Mental health burden among females living with HIV and AIDS in sub-Saharan Africa: A systematic review


Mental health problems, particularly depression and anxiety, are common in women and young girls living with HIV/ AIDS particularly in low- and middle-income (LMICs) countries where women’s vulnerability to psychiatric symptoms is heightened due to the prevalent intersectional stressors such as stigma and intimate partner violence. However, no synthesized evidence exists on the mental health burden of females living with HIV/AIDS (FLWHA) in Africa. This systematic review aimed to synthesize the current evidence on the mental health burden among FLWHA in sub-Saharan Africa. A systematic literature review of articles published from 2013–2023 was conducted using the Preferred Reporting Items for Systematic Reviews and Meta-Analyses guidelines (PRISMA). Five electronic databases; PubMed, MEDLINE with full text, Scopus, Academic Search Complete, and Health Source: Nursing Academic Edition were searched for articles published in English. Nineteen articles (15 quantitative, 3 qualitative, and 1 case study) from over 7 African countries met the inclusion criteria. The majority of the studies’ quality was determined to be moderate. The prevalence of depression ranged from 5.9 to 61% and anxiety from 28.9 to 61%. Mental health burden was a logical outcome of HIV diagnosis. Predictors of mental health outcomes in the context of HIV/AIDS were identified as intimate partner violence (IPV), stigma, childhood traumas, sexual abuse, poverty, unemployment, and social isolation. Social support and resilience were identified as protective factors against mental illness in FLWHA. Mental illness had a deleterious effect on viral suppression rates among FLWHA, resulting in delayed initiation of antiretroviral therapy treatment and increased mortality but had no impact on immune reconstitution in the face of ART adherence. Given the high prevalence rates of depression and anxiety and their relationship with HIV progression, it is crucial that mental health care services are integrated into routine HIV care.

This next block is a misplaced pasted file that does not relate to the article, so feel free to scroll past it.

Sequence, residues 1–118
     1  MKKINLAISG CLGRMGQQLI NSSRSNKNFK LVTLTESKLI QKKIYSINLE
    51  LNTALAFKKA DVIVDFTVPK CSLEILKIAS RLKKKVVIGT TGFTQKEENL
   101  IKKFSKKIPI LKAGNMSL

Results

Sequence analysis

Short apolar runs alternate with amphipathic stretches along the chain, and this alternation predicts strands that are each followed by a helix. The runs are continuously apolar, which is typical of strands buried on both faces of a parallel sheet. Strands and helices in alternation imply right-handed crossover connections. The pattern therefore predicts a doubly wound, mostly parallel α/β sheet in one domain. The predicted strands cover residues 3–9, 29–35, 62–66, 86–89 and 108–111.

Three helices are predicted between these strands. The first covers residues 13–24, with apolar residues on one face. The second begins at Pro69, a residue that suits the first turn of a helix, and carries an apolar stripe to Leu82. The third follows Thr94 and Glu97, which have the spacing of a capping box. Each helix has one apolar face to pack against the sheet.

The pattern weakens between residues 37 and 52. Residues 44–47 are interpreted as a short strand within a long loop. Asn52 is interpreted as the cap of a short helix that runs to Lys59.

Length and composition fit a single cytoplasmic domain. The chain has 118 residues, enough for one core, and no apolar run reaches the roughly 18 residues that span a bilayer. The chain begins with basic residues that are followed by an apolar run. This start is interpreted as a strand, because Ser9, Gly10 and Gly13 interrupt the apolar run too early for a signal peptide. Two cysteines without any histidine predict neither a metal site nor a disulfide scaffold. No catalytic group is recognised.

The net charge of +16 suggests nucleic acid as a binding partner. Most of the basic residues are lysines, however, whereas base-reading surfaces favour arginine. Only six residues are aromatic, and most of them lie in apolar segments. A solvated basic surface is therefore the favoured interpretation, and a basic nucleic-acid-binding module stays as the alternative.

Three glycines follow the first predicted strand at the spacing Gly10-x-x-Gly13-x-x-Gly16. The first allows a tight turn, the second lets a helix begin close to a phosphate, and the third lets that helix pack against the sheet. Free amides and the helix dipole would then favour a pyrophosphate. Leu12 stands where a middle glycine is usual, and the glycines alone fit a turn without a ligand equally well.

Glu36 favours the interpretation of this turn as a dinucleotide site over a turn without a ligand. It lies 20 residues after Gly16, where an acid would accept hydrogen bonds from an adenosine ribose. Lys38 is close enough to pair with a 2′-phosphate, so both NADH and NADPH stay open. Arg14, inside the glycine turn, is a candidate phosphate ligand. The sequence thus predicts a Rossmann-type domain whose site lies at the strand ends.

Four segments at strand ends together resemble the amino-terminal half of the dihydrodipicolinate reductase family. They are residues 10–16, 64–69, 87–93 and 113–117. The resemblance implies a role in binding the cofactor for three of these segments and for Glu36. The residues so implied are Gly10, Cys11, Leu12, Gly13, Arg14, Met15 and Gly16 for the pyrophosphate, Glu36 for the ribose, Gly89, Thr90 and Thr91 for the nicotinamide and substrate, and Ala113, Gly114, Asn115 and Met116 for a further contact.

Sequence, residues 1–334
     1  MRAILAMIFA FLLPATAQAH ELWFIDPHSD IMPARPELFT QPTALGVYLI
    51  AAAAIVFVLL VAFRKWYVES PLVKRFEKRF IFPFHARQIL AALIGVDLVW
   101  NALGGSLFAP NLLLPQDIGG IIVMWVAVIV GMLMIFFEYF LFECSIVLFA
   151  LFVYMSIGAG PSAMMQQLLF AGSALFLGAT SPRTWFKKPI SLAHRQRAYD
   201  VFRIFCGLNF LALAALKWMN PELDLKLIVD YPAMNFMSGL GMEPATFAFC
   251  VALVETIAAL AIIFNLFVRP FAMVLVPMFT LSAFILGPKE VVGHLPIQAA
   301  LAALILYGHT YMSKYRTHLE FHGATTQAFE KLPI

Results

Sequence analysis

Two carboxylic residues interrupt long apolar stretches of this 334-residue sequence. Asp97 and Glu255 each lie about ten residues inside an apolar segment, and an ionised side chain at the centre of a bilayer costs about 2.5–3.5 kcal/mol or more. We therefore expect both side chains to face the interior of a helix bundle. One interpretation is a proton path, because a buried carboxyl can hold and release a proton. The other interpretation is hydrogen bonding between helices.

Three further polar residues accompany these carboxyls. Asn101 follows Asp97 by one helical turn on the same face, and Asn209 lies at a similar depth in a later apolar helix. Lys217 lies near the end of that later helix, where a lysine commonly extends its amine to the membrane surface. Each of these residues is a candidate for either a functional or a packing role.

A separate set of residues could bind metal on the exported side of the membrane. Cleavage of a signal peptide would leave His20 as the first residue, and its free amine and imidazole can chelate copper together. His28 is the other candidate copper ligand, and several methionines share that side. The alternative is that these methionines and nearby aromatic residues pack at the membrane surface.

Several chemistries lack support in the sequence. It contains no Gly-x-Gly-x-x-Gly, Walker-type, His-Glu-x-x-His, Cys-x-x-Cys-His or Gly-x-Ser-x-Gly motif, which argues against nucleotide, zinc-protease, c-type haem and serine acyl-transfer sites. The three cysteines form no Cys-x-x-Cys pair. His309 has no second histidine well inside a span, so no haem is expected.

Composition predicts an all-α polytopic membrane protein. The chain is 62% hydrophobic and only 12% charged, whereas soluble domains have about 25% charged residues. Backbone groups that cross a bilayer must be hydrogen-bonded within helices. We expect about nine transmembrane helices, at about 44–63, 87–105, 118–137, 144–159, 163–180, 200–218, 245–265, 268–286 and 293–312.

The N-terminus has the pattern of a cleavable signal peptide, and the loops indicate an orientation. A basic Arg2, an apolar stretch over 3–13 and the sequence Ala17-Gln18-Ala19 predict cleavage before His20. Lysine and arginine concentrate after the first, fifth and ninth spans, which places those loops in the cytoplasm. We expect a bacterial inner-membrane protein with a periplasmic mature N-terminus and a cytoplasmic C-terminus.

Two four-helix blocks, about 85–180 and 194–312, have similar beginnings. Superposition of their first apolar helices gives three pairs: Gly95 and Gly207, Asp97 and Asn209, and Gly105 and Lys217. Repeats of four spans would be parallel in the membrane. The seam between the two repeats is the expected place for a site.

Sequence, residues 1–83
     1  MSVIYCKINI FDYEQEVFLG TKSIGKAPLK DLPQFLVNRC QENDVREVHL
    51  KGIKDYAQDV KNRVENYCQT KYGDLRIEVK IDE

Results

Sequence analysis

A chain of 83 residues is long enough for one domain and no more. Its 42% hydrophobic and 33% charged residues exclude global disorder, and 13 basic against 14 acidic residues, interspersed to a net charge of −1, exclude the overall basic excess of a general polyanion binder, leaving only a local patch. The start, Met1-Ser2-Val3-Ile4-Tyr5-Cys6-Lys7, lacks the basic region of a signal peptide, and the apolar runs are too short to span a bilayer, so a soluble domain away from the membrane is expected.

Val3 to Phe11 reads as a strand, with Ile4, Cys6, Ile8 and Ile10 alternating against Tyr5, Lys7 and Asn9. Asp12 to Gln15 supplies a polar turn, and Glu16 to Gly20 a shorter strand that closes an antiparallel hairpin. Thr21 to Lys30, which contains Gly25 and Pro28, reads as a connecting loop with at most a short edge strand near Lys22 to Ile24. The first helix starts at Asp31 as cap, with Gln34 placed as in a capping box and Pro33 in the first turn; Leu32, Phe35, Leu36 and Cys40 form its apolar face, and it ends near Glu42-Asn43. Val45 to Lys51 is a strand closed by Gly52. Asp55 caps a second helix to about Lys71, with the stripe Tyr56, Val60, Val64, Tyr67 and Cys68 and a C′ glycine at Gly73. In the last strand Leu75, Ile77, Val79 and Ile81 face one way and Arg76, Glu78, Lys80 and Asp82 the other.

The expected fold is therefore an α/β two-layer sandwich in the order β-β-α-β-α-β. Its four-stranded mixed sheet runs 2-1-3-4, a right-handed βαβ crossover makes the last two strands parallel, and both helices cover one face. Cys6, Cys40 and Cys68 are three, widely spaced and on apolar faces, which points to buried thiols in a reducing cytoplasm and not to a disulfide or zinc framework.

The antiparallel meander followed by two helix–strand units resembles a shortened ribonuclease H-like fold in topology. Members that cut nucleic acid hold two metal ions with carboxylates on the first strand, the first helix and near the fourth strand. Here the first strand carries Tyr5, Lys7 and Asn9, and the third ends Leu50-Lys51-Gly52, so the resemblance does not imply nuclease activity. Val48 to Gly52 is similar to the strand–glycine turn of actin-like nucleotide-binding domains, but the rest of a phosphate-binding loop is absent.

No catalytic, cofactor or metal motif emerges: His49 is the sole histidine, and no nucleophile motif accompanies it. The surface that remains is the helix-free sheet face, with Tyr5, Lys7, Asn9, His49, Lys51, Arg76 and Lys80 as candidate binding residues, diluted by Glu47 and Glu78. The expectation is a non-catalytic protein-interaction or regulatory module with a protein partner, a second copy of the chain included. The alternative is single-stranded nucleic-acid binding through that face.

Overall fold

Boakye DS, Setordzi M, Dzansi G, Adjorlolo S




  • Epidemiology and Determinants of Health
    • Determinants of Health
  • Determinants of Health
    • Employment
    • Income
    • Social support
    • Stigma/discrimination
    • Abuse
  • Population(s)
    • Women
    • General HIV+ population
  • Mental Health
    • Depression
    • Other


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